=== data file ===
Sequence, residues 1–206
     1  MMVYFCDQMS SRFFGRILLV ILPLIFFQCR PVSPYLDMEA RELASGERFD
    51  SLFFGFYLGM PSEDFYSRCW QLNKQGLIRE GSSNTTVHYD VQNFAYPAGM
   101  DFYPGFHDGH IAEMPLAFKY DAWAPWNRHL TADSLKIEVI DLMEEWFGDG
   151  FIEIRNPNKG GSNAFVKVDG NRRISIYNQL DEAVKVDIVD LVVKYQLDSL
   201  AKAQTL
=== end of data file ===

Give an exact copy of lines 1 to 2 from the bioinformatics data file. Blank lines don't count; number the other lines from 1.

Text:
Sequence, residues 1–206
     1  MMVYFCDQMS SRFFGRILLV ILPLIFFQCR PVSPYLDMEA RELASGERFD